“I think we are stuck in someone else’s movie,” says co-protagonist Chiara Brasi early on in Insurrecto, telegraphing the framing device for Gina Apostol’s new novel. Chiara, filmmaker, daughter of an artsy filmmaker, daughter of an heiress, golden-haired devotee of Hermès bags and sunglasses, has come to the Philippines to research a movie. She needs help, and finds Magsalin, a returned-expat Filipina writer and teacher.

There are some cities that lend themselves to darkness and intrigue. Macau is one of these places. First settled by refugees fleeing the Mongol invasion in northern China, it became a fishing village and later a haven for pirates. The Portuguese arrived in the 1500s and built a slice of the baroque Mediterranean in South China. It was returned to China in 1999 and today it’s the gambling capital of the world.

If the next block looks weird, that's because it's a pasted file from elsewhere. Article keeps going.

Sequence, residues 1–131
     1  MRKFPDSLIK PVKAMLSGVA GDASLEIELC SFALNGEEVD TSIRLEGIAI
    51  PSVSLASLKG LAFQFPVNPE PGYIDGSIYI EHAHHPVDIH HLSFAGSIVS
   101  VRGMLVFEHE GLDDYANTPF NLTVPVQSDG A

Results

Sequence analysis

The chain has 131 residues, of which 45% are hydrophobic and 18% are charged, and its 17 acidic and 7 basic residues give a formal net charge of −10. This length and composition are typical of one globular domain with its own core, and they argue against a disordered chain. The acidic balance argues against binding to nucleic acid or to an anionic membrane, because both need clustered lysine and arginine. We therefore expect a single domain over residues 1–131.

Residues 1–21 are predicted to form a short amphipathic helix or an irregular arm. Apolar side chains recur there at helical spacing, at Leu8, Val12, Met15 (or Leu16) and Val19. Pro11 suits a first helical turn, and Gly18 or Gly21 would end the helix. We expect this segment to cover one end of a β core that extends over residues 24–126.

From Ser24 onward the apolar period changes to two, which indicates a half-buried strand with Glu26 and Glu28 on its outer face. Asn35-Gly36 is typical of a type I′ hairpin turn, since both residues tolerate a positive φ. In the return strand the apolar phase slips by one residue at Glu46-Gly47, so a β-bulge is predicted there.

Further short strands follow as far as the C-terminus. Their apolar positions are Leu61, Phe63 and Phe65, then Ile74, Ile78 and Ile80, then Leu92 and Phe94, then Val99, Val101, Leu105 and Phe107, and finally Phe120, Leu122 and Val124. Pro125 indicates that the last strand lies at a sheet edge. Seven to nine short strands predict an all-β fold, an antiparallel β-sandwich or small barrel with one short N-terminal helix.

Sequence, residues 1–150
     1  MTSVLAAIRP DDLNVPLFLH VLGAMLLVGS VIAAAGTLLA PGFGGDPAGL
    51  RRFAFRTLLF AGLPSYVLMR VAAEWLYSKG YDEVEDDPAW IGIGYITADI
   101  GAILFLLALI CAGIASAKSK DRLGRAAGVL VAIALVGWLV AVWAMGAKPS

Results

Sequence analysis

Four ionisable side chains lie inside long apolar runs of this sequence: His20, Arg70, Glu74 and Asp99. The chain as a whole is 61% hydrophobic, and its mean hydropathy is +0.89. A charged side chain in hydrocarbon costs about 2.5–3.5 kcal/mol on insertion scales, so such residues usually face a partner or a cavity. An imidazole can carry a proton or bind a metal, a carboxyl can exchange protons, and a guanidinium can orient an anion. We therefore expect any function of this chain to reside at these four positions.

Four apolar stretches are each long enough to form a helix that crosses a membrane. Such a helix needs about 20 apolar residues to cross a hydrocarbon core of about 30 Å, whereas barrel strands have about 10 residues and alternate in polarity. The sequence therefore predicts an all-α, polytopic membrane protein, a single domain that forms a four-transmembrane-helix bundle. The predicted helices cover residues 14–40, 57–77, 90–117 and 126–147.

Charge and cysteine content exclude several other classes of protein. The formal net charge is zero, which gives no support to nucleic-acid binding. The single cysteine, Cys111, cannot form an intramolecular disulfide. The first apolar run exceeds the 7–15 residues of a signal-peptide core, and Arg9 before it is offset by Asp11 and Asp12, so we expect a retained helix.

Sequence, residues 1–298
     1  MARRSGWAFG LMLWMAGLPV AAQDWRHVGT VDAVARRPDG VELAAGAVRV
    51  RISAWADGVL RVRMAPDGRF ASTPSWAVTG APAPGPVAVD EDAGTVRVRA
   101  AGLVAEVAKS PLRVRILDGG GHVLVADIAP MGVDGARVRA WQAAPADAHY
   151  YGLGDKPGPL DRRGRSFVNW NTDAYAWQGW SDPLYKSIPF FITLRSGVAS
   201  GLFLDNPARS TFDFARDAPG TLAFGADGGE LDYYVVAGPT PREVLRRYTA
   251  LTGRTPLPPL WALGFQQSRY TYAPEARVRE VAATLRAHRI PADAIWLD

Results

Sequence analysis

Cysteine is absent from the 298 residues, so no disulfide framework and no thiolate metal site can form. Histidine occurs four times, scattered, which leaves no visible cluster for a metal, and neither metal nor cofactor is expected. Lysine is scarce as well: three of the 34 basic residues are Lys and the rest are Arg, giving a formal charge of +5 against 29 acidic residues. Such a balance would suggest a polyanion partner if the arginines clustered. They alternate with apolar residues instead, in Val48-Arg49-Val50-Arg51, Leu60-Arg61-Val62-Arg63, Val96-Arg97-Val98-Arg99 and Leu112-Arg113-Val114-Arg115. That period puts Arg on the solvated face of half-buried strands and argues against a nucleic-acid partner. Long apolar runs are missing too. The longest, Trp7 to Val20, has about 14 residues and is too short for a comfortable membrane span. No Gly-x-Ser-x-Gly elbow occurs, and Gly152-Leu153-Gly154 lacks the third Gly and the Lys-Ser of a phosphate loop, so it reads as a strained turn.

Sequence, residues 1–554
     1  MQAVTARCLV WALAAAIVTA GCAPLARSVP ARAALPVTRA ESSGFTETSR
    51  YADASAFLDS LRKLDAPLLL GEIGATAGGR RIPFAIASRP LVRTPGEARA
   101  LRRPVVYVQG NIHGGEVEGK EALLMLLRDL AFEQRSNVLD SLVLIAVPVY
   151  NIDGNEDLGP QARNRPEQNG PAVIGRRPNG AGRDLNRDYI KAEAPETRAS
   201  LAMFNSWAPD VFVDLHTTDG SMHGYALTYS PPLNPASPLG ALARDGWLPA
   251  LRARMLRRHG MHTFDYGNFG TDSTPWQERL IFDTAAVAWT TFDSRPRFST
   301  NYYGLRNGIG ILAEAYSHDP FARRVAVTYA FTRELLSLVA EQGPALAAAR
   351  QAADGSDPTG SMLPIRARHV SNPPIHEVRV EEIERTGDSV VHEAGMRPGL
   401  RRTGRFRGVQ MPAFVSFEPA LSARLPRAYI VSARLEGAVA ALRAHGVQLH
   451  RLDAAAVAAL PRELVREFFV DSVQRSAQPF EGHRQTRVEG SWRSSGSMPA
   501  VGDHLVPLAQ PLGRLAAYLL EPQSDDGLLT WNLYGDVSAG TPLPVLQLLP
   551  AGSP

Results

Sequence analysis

Yan Ge’s The Chilli Bean Paste Clan should come with a warning on the cover: “contents may cause readers to break into a sweat and consume unhealthy amounts of Laoganma spicy chilli crisp.” The setting for this complicated and often humorous story of the Duan-Xue clan, a family consumed by resentments, betrayals, matriarchal machinations, and sibling rivalry, is Pingle, a small town in Sichuan province, which the author tells us in the foreword is essentially the town she grew up in.

Chi Zijian’s novel The Last Quarter of the Moon was set among the Evenki reindeer-herders in remotest Heilongjiang. Her latest novel in English translation, Goodnight, Rose, has as its center the relationship between a Chinese country girl making her way in Harbin and an elderly Jewish woman who arrived, as did many, after the Russian revolution. Chi herself seems fascinated by the interaction between peoples and societies; her novels can transcend nationality and culture.